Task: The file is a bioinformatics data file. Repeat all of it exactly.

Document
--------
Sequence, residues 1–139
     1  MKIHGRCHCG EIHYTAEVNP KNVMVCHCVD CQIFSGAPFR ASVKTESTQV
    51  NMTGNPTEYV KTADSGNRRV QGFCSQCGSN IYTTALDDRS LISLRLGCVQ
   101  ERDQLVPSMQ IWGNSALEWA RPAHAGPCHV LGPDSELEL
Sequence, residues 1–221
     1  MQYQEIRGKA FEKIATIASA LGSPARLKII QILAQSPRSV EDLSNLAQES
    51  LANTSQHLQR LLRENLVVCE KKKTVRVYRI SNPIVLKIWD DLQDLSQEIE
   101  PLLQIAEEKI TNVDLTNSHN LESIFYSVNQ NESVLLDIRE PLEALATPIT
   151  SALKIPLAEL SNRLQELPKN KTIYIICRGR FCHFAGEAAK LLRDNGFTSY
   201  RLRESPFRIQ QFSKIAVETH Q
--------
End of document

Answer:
Sequence, residues 1–139
     1  MKIHGRCHCG EIHYTAEVNP KNVMVCHCVD CQIFSGAPFR ASVKTESTQV
    51  NMTGNPTEYV KTADSGNRRV QGFCSQCGSN IYTTALDDRS LISLRLGCVQ
   101  ERDQLVPSMQ IWGNSALEWA RPAHAGPCHV LGPDSELEL
Sequence, residues 1–221
     1  MQYQEIRGKA FEKIATIASA LGSPARLKII QILAQSPRSV EDLSNLAQES
    51  LANTSQHLQR LLRENLVVCE KKKTVRVYRI SNPIVLKIWD DLQDLSQEIE
   101  PLLQIAEEKI TNVDLTNSHN LESIFYSVNQ NESVLLDIRE PLEALATPIT
   151  SALKIPLAEL SNRLQELPKN KTIYIICRGR FCHFAGEAAK LLRDNGFTSY
   201  RLRESPFRIQ QFSKIAVETH Q